Cabin Fever

Sunday, January 24th, 2010

That dangerous time of year has come again!

Those of you who garden in a northern climate know what I mean…short days where the sun rises too late and sets too soon; the garden, covered in snow, taunts you with the possibilities of the coming spring; and, in a desperate grab to hang on to sanity you make your plans for the coming growing season, figuring that doing ANYTHING is better than just sitting there bouncing off the walls.

So you do it…that dangerous thing!  That thing that all gardeners do to get themselves through the winter…you order *gasp* the SEED CATALOGUES!! – those wondrous, hopeful publications with promises of succulent tomatoes, snappy peas, crisp radishes, tender greens, jewelled beets, heady sweet peas…

Links to these catalogues are at the end of the post.

Links to these catalogues are at the end of the post.

Overwhelmed by the myriad of options, you choose one of almost everything (and then spend crazy-making hours trying to shoehorn it all into your available growing space – if you were even able to grow all the seeds in the first place), or nothing, deciding to wait until you see what’s available in the garden centres (where you won’t be able to find that intriguing lemon pear tomato and you’ll end up settling for some ubiquitous red cherry).  I’ve been on both ends of the spectrum; I spent hundreds of dollars (yes, I said hundreds) at Southern Exposure Seed Exchange one year, only to have most of the garden keel over during a terrible drought (gardening in Texas is HARD); and I’ve not purchased any seed, preferring, instead, to thickly sow old leftover seed  and fill in the gaps with purchased transplants.  Neither method was satisfying – one was a waste of time and money, and the other was boring.  So, knowing that the best place for me is usually in the middle, I have developed a list to help me keep the interest level high but the spending down.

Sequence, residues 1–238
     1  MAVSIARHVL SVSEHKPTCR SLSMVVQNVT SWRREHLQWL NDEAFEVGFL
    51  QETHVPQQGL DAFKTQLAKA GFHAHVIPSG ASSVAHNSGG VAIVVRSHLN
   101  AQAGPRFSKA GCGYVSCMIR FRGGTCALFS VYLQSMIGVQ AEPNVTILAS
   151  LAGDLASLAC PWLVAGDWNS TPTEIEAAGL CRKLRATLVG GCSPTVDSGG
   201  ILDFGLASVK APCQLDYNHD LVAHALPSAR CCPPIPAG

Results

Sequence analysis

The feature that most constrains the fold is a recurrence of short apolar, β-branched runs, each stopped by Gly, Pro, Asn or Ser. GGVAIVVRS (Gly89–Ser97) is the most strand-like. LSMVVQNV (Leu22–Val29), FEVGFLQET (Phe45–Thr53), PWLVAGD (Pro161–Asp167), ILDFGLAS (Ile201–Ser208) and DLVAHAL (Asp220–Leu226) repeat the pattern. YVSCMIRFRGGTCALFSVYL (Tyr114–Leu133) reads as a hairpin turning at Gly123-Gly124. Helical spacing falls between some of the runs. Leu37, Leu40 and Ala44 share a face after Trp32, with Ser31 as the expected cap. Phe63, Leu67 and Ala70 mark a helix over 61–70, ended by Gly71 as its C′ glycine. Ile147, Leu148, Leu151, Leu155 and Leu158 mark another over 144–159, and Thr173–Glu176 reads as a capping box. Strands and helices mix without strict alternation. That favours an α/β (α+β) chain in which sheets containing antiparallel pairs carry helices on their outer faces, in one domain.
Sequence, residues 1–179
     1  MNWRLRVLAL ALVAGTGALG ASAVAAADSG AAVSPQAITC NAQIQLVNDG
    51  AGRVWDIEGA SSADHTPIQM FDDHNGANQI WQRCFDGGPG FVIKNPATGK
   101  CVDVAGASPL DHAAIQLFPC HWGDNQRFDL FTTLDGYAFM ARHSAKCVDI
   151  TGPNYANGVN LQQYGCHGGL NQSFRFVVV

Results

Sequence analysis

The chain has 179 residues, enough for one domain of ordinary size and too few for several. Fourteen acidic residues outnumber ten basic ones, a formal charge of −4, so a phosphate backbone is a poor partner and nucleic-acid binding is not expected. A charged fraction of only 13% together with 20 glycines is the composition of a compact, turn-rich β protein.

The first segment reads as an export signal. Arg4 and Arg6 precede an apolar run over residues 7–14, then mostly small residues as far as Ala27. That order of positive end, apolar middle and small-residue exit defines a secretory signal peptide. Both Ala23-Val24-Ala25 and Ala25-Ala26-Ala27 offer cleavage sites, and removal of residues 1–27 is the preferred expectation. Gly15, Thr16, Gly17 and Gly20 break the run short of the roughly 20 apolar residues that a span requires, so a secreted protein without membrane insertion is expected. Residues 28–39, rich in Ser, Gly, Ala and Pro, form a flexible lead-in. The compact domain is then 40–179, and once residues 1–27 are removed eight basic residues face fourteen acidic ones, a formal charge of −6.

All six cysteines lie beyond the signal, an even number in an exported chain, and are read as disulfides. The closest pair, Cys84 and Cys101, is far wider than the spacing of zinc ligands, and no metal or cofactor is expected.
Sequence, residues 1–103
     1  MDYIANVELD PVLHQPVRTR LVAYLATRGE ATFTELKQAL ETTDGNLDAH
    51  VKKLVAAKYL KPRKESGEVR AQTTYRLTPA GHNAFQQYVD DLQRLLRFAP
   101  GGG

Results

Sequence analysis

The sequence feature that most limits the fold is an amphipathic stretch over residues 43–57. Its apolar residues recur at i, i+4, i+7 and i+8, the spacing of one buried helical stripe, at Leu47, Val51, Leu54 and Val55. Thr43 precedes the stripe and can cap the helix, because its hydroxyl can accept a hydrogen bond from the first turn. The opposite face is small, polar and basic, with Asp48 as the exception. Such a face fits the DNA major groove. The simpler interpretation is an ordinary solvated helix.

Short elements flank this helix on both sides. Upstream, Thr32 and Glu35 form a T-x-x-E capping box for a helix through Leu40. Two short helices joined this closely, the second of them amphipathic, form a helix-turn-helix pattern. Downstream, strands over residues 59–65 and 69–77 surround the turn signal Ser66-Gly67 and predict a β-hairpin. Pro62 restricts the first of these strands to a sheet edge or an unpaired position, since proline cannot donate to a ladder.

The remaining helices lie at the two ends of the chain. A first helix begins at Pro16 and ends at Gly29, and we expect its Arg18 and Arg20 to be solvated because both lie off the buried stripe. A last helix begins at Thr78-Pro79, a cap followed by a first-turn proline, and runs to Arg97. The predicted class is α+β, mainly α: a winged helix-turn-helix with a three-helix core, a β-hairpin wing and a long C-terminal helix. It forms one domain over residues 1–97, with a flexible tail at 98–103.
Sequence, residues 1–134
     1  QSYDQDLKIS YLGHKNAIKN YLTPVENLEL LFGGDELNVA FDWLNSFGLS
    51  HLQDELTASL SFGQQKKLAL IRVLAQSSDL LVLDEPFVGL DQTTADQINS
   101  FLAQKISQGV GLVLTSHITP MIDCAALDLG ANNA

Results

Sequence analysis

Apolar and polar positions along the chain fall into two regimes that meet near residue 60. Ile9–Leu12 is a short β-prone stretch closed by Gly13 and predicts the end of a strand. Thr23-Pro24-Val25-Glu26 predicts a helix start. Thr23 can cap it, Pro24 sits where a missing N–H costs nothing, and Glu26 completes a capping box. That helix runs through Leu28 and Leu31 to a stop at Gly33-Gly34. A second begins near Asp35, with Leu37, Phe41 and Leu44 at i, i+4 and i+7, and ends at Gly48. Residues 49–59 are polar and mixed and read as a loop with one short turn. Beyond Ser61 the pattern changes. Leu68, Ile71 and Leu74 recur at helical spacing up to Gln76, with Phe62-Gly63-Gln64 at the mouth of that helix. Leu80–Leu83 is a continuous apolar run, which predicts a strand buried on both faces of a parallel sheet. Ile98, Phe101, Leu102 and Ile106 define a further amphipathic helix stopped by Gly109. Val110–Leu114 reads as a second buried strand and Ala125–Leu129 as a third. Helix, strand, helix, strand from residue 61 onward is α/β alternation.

• Grow only what we like to eat.  I’m not a huge fan of squash and, since it needs a fair bit of room, I happily leave it off the garden plan.
  • Grow what tastes the best fresh-picked.  This means every garden of mine has tomatoes, peas, beans, carrots, and a variety of herbs.  Related to this rule is my preference for heirloom varieties since I find they have the best flavor.
  • Grow what is expensive and/or difficult to find in the grocery store.  For this reason, I always grow cilantro since the supply at my regular grocery store is erratic, and my Texas garden always had Florence fennel (at the grocery store price of $2/bulb, a $4 packet of seeds paid for itself in no time).  It’s also one of the reasons why I never grow potatoes (lack of space being another factor).
  • Grow at least one thing I’ve never tried growing before.  Sometimes this can be so successful, as was the case with fava beans, fennel, and lemon cucumber, that it is added to the list of perpetual favorites.
  • Grow as many eye-catching plants as possible.  I don’t think kitchen gardens should just be about feeding the stomach – they should also be a feast for the eyes.  I always include flowers (edible or not) and colorful leafy greens like purple/red/blue kales, Rainbow chard, and red lettuces.  I choose my fruiting plants as much for their decorative appeal as for their taste – a purple and cream striped eggplant paired beautifully with purple basil one year, and the yellow/orange/red/green cherry and pear tomatoes look almost too good to eat (almost!).

A note here about the above list – it is always used in conjunction with my garden’s geographic and cultural restrictions.  That means, that with a clay soil, I can’t grow really long carrots – I’m best off choosing a stumpier variety that isn’t as likely to split.  I have lots of sun but a short growing season so unless I’m willing to go to extreme measures to grow tomatoes (I’m not), I choose varieties that ripen quickly and can withstand cooler temperatures.  I take adavantage of the fact that two sides of the garden are fenced and I grow vining peas on it, rather than bush peas, to make efficient use of horizontal and vertical growing space.  I’m aware of the popular bugs and fungii in my neighborhood and choose varieties that are resistant to them.

I love parameters.  Just like the “cabin” walls (that I’m bouncing off of right now) protect me from the excesses of winter, my planting choice guidelines protect me from the excesses of my garden lust and the temptations of the seed catalogues.  Here’s to spring finding us sane.


Links to seed catalogues: Dominion Seed House, Lindenberg Seeds Limited, T&T Seeds, West Coast Seeds